Not all people you encounter in your personal or professional life will be equipped to appropriately handle conflict.  These so-called “high conflict people” are difficult to deal with, mostly because they blame others for whatever the issue may be, while refusing to take any personal accountability for the problem or its solution. Sadly, these people will frequently “lose it” and actually increase conflict with personal attacks, extreme behavior, and unmanageable emotions. To them, it is perfectly okay to send a hostile e-mail or text, or spread a vicious rumor via Facebook or engage in other social media attacks and meltdowns. The key to dealing with these high conflict people and their verbal attacks is to manage your response.
A useful tool to use in formulating your response is a book called BIFF: Quick Responses to High Conflict People, Their Personal Attacks, Hostile Email and Social Media Meltdowns by Bill Eddy. Instead of reacting in the same malicious way and becoming a high conflict individual yourself, the book encourages you to make your responses Brief, Informative, Friendly, and Firm (BIFF). The goal is to avoid triggering defensiveness in the other person and to work towards cordially ending the conversation at hand. Here’s a simple description of each step:
An important thing to remember here is that the more you say in your response to the other person, the more room you are giving that person to react and become defensive.  Therefore, limit your response to 2-5 sentences, regardless of how long the other person’s initial statement is.  Try to avoid admonishments, advice, and apologies. It’s not a bad idea to have someone else review your brief response. After all, that person may catch unnecessary language that you may have overlooked.
Provide a sentence or two of direct, helpful information on the matter being discussed. So instead of focusing on the opinions about each other, you are shifting discussion to an objective subject. You want to avoid making negative comments or countering any allegations that were made against you in the initial statement. It is not necessary to engage in matters that are the high conflict person’s “opinion.” That would only renew the argument, and diminish your chances of reaching a consensus. It may be important to briefly correct something that has been a clear misstatement of a fact.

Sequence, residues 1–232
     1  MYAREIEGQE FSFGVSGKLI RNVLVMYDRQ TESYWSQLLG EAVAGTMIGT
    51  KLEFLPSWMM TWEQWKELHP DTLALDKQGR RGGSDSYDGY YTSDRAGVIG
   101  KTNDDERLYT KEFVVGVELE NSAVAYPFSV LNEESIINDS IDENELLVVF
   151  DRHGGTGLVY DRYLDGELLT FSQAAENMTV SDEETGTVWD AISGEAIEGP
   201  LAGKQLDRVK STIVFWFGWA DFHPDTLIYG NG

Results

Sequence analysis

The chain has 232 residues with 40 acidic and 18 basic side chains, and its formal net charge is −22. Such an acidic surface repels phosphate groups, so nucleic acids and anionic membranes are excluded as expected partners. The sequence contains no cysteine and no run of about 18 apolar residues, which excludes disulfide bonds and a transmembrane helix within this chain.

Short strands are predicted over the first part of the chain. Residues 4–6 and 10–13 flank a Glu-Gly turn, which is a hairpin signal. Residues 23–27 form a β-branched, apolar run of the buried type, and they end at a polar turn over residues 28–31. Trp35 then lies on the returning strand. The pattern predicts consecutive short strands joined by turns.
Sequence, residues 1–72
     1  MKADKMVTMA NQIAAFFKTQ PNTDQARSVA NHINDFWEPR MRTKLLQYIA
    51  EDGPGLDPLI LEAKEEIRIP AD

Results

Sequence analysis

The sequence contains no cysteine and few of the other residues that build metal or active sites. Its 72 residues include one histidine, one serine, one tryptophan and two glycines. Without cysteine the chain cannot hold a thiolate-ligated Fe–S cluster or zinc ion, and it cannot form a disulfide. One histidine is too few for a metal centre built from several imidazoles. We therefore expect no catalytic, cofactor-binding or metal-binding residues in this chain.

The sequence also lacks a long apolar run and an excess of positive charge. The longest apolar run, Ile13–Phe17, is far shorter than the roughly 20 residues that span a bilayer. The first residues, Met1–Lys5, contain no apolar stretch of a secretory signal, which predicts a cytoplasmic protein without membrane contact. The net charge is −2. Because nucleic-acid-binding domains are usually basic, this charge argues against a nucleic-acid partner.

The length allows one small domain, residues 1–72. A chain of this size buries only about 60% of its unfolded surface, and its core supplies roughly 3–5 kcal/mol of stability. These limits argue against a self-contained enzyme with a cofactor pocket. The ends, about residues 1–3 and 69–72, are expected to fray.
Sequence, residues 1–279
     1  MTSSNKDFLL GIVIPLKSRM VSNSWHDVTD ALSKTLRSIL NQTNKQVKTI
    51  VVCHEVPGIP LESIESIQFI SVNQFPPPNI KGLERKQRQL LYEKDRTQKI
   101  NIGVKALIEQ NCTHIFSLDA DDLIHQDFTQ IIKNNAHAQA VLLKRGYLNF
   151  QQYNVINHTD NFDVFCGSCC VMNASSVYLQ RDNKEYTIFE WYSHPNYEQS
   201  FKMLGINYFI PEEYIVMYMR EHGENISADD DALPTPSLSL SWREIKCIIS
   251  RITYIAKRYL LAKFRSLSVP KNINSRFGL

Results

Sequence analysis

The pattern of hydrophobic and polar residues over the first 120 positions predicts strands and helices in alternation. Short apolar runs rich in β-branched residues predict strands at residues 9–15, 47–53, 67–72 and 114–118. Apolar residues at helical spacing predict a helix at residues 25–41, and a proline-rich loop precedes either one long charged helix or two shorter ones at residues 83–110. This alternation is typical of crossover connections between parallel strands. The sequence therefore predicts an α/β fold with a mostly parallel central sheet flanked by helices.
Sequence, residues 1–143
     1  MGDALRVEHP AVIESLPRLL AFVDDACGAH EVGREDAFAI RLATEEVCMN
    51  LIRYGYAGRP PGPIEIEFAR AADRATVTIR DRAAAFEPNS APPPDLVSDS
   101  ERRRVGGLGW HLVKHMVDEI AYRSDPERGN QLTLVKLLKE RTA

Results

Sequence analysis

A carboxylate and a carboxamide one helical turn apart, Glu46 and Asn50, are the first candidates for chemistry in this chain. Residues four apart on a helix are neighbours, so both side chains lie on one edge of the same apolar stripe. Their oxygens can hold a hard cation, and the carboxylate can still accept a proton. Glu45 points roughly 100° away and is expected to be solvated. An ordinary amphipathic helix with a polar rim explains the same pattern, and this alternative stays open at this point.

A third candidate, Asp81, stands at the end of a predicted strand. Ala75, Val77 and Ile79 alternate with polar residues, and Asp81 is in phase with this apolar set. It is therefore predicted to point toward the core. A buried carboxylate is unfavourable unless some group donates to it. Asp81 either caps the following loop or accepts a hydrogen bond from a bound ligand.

It is very hard to play nice, especially when you just faced a verbal attack. However, it is very important for you to remain calm and pleasant. For example, instead of antagonizing the other person in your response, you can say something like: “ I respect your concern with this matter.” Or just: “Thank you for responding.”  It also would not be a bad idea to end your response with a friendly comment.  For example, “I hope you have a good weekend.” “With best regards.”
Lastly, you want to use your response to end the hostile conversation and disengage from the high conflict situation. The book suggests giving two clear choices for future action. If you need a response, set a firm reply date. Avoid sounding defensive because that will only prompt further communication with the other person. The goal is to be firm in your response, while still maintaining a level of amicability.
The reason why your response is so important is because it will set the tone for the future of your relationship with that person. Bill Eddy points out three goals that you may consider with a high conflict individual. You may want to manage the relationship with that person, as would be the case in a work environment or personal life, you may want to reduce the relationship, or end it altogether. So every time you make a BIFF response, ask yourself whether it is bringing you one step closer to achieving your goal.
Good Luck!!
Lisa Duffee